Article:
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This is one of the few sf films from the fifties, I believe, that can still inspire awe and wonder in the current generation, prompting them to use words like "awesome" to describe it. It's a waking nightmare type of a film, striking some cord in almost all viewers, whether as relating to the main character's condition or just the glimpse of our world from a wild perspective. It was directed by Jack Arnold, who did some of the best stuff in the fifties. It's based on the novel by the great Richard Matheson. The trailer above has narration from none other than Orson Welles.
What sets this apart from most of the fifties sf films now is that there are no moments which might get some laughs from modern viewers, due to being outdated or just silly flavors. I mean, there might be some nervous chuckles as Scott Carey (Grant Williams) becomes half the size of his wife and then smaller, but the tone is so grim, so unrelenting in its depiction of some new kind of disease, I think most viewers will just be reminded of 'real world' traumas like cancer or some toxins. There is no respite. There are even tangible monsters, furry or crawling. It's a nightmare. The ending is ambiguous. BoG's Score: 8.5 out of 10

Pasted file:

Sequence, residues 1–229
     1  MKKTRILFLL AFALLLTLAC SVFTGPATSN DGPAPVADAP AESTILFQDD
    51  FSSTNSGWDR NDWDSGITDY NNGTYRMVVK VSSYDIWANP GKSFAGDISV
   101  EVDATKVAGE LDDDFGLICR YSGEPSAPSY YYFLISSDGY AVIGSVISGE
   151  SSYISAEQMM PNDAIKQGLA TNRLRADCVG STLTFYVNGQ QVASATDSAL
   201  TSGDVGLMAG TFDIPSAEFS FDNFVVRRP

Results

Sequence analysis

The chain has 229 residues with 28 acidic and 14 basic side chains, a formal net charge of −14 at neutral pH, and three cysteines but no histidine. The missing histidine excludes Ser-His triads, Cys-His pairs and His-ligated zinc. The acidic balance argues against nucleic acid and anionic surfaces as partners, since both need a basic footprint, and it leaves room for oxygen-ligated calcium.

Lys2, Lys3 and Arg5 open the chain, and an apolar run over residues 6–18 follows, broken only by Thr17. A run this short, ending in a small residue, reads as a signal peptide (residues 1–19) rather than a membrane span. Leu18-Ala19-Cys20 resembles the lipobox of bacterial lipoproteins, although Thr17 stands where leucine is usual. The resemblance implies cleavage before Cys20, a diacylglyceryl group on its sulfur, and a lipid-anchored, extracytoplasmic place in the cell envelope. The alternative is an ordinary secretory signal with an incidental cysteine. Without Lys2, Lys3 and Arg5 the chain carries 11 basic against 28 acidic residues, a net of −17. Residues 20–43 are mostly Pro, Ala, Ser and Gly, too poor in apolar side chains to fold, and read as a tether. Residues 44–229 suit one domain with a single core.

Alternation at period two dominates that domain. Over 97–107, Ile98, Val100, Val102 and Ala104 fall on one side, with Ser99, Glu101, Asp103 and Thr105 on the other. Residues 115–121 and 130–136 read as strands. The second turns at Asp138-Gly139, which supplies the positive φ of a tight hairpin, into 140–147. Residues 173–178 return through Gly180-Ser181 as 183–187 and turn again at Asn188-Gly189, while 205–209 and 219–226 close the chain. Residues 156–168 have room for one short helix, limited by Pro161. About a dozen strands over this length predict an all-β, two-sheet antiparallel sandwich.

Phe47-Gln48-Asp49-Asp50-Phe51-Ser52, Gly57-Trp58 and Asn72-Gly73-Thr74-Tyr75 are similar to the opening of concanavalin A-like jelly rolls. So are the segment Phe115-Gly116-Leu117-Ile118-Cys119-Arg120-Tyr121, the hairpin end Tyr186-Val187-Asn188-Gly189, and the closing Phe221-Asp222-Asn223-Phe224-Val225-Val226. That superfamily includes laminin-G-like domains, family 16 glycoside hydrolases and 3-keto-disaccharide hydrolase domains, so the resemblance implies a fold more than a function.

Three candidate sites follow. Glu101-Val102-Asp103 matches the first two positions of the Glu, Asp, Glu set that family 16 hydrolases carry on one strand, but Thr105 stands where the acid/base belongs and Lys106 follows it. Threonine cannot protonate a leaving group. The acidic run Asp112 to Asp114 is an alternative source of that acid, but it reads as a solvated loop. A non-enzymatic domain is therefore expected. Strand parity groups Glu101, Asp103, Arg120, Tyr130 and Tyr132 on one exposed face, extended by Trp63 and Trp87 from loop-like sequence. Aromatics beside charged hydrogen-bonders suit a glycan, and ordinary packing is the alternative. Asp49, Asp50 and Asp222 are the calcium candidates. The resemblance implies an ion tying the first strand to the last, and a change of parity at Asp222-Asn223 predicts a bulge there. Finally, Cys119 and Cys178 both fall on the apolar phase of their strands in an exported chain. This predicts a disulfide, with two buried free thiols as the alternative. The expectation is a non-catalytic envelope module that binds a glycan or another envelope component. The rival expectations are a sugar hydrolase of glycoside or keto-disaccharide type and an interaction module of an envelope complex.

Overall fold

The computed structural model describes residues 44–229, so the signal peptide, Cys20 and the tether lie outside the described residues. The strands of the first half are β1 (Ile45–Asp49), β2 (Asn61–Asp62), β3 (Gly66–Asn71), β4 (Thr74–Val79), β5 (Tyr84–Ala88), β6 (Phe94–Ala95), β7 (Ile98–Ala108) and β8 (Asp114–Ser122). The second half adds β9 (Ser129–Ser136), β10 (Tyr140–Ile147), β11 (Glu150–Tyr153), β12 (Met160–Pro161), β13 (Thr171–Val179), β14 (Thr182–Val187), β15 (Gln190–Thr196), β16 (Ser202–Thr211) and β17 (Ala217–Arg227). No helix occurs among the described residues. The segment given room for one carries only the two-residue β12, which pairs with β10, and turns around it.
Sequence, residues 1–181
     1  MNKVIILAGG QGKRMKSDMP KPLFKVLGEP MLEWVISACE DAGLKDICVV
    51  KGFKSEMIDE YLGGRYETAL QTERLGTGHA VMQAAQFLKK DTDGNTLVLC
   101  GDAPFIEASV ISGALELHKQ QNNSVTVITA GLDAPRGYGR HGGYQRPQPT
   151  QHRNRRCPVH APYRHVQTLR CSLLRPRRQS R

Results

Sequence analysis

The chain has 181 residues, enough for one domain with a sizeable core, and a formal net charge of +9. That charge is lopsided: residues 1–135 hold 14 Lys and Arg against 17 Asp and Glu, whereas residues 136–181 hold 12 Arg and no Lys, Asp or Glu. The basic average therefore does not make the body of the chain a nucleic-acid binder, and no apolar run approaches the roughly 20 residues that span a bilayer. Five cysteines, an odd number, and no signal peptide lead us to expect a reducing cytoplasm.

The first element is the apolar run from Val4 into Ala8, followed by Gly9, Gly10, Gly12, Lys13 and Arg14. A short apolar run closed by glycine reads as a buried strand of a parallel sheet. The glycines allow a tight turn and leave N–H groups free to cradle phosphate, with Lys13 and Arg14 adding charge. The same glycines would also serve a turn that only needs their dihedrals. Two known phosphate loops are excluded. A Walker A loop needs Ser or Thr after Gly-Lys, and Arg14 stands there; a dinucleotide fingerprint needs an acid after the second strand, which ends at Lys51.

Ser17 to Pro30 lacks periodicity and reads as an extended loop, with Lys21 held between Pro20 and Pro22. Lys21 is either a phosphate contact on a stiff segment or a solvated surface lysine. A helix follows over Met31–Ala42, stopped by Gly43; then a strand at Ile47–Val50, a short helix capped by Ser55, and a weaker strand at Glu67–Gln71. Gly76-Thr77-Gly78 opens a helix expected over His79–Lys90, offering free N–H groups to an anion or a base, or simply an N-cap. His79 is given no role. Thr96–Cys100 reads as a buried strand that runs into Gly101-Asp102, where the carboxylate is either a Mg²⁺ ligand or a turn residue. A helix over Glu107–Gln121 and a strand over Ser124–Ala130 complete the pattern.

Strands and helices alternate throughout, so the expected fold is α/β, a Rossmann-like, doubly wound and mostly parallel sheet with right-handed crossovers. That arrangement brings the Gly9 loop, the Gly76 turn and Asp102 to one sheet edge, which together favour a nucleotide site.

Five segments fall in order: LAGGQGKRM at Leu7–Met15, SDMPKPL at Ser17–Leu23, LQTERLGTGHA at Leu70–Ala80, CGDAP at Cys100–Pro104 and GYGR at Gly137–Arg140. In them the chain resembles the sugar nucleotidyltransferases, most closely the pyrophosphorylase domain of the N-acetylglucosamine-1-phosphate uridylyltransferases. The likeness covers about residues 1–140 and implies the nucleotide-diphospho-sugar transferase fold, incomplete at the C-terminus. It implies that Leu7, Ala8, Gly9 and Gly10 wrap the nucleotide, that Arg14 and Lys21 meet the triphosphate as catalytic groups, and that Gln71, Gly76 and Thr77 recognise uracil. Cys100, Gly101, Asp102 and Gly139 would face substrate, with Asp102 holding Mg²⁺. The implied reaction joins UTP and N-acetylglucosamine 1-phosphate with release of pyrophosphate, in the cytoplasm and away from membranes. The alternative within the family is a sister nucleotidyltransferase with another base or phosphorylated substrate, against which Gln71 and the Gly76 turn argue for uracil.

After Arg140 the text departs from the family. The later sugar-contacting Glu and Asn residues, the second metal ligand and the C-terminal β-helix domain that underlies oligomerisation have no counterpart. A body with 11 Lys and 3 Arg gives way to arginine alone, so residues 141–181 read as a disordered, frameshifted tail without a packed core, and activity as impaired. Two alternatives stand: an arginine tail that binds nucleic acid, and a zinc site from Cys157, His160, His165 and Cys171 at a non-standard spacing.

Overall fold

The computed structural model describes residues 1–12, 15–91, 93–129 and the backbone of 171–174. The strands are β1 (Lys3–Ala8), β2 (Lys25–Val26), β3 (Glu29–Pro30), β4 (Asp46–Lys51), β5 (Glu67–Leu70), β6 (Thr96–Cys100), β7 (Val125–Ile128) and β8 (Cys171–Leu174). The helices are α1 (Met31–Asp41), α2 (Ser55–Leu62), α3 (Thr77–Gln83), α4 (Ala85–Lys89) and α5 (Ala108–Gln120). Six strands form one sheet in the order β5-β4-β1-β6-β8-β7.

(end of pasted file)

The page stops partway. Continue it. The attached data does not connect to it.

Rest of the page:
Shrinking Trivia: THIS FILM WAS SELECTED FOR THE NATIONAL FILM REGISTRY IN 2009... WRITER MATHESON WROTE A SEQUEL - 'FANTASTIC LITTLE GIRL' - IN WHICH CAREY'S WIFE FOLLOWS HIM TO A SUB-ATOMIC WORLD, BUT IT WAS SCRAPPED.
The Super-Hero version of this concept was Ant-Man, begun by Marvel Comics in 1962 in the guise of Henry Pym, a scientist who developed a process (a serum and also pills) to shrink down to ant-size. He later became a founding member of The Avengers team and also became Giant-Man. In the early seventies, the character was featured in several issues of Marvel Feature, starting with #4, in a storyline which was the closest approximation of what happens in the film - he gets stuck at mouse-size and goes through some adventures in his quest to get back to normal.
This super-hero identity of Ant-Man was later taken over by another man, Scott Lang, in the early eighties. Marvel finally produced a film with this super-hero, part of their Marvel Cinematic Universe, for release in late 2015.
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